This will be a true test of our bio ethics. Clearly this neural network is too small for us to entertain ideas of this robot being a living creature with rights. But it’s also now just as clearly on the continuum which includes me, and I think I deserve rights. So we now have created a sort-of living creature, and inevitably we’ll end up with creatures sophisticated enough that some of us will consider them alive and some of us will not consider them alive.

    I hope I live long enough to participate in that debate.

  3. superdave says:

    The neurons are alive, so I don’t think there is much debate in saying that this creation is alive. This is far removed from calling it a distinct organism but I can see where this is going and I think this ethical argument will be inevitable. It is important to point out that the ethical argument, as steve so often points out, should be informed by science but not decided by it. The ethical standards of the day, whenever that day comes, will dictate the ultimate decision.

    Also, while it might sound like a trivial problem, a major hurdle for research in this area is making sure the materials you use for electrodes and implants are biocompatible and reasonable durable and replaceable. Most neural implants will eventually stop working due to the long term exposure of the environment of the brain. A skin contact interface is ultimately more desirable, but as you can imagine gives you much less signal than an implant directly inserted into the cortex.

    Lastly, even though I agree that this experiment by Warwick sounds exciting, I would be a little skeptical of his claims. I saw him give a presentation once and he spent at least as much time promoting himself as he spent on actual neuroscience. Still, he is a person who is not afraid l to challenge ethics in the name of science (I actually got the feeling he relishes this role) and we need people like that even if I don’t think it is the best mode for most scientists.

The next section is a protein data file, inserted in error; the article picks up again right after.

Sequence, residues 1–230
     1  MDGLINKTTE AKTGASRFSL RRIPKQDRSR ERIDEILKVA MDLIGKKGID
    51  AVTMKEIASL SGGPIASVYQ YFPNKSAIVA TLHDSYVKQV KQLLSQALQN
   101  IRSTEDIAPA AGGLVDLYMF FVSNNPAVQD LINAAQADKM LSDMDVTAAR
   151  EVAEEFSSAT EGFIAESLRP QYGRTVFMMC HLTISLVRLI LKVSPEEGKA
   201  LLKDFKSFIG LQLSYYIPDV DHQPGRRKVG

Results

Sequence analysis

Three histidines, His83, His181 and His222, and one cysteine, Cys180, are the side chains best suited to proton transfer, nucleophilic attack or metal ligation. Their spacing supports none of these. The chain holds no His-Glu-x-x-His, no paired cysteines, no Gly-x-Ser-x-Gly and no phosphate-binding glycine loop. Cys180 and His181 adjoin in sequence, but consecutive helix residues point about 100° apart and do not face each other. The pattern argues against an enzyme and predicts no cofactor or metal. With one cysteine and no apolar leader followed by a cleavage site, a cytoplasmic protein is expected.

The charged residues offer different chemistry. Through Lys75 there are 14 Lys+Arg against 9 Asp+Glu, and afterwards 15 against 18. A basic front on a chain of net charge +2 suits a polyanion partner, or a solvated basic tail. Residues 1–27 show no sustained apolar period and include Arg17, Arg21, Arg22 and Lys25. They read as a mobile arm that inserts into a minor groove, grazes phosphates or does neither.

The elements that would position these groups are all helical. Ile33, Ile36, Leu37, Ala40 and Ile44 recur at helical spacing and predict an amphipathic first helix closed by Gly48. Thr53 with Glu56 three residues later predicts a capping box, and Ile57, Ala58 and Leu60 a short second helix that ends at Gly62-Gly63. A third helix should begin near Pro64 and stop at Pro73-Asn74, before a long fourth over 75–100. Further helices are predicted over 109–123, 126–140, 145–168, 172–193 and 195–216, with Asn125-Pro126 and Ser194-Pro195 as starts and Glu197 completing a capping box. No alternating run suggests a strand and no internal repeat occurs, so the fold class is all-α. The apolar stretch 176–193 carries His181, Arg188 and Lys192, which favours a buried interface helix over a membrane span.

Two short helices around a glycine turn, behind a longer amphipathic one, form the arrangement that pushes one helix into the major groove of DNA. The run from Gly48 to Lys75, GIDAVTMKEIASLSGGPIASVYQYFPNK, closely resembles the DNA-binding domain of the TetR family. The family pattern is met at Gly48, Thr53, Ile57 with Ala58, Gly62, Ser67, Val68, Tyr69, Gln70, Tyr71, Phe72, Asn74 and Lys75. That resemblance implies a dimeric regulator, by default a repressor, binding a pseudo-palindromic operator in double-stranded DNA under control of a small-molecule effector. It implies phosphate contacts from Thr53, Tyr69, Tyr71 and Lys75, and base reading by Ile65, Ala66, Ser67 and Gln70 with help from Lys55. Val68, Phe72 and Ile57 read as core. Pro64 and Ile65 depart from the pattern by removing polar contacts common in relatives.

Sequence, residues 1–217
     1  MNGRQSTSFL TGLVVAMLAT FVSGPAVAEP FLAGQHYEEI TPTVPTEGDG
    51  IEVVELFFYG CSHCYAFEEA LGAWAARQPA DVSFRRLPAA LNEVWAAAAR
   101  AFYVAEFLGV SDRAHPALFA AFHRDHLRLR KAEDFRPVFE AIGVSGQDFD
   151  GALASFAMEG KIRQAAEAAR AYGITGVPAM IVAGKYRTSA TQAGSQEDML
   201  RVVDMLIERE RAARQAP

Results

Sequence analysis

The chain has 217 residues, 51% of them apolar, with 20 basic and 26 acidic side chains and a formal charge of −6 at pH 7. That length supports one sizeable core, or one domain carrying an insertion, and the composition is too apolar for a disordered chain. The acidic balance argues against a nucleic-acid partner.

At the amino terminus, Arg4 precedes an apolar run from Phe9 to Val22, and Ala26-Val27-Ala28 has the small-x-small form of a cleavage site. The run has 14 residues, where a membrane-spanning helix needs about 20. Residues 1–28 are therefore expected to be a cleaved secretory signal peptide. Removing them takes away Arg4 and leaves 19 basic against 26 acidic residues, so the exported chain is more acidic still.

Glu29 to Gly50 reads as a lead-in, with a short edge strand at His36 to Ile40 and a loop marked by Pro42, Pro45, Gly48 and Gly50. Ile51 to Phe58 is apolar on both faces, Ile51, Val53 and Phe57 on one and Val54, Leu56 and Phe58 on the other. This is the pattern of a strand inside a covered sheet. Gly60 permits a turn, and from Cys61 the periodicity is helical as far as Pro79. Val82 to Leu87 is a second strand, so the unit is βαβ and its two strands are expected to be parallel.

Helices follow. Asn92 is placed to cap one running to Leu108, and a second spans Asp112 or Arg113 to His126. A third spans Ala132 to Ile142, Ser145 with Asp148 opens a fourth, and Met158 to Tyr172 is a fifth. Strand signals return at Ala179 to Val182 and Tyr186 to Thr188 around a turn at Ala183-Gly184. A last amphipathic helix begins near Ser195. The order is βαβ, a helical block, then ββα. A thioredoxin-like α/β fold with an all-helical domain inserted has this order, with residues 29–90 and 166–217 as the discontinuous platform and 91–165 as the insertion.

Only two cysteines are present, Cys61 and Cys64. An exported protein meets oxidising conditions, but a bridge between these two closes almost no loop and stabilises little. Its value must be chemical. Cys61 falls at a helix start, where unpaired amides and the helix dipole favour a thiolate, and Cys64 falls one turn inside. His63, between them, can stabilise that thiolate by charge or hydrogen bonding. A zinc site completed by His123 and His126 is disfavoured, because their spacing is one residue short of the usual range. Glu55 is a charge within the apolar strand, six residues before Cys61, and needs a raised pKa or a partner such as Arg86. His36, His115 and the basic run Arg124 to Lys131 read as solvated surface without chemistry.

PS Check out my new blog.

  4. “Clearly this neural network is too small for us to entertain ideas of this robot being a living creature with rights.”

    But some will. How small is a stem cell?

    Right-to-lifers and other generally anti-science groups will be all over this if a human neural cell is ever used, and you have to think that’s inevitable. And I’d expect PETA-type groups to sooner or later come to the defense of these poor lab rat brain cells.

    Exciting stuff, though. Huge implications on many fronts.

  5. Niels Kjaer says:

    “How small is a stem cell?”

    “Do Not Answer not-AND Ask DAN!”

    I’m afraid that the answer to such a question is too simple. To cross validate the answer will hopefully take around 8 billion years.

    In economics there exists a concept called the Nash equilibrium.
    It is reached when living intent is most easily able to change the Nash equilibrium while the impact of non-intentional changes is minimized.

  6. Think “lithium” old son.

  7. Niels Kjaer says:

    Uups, sorry,

    I forgot a couple of “;-)”‘s. I do enjoy when humans find spelling mistakes in my rantings… Did you check out Nash?

    Just asking and answering questions about AI and robotics might not be healthy in the long run;-)

  8. Fred Cunningham says:

    This topic sure brought back some old memories. Back when I was a student, people were wiring up moth brains to build biological computers. I remember having a discussion with Norbert Wiener on the subject. He felt that the future of computing was with the biological approach instead of silicon.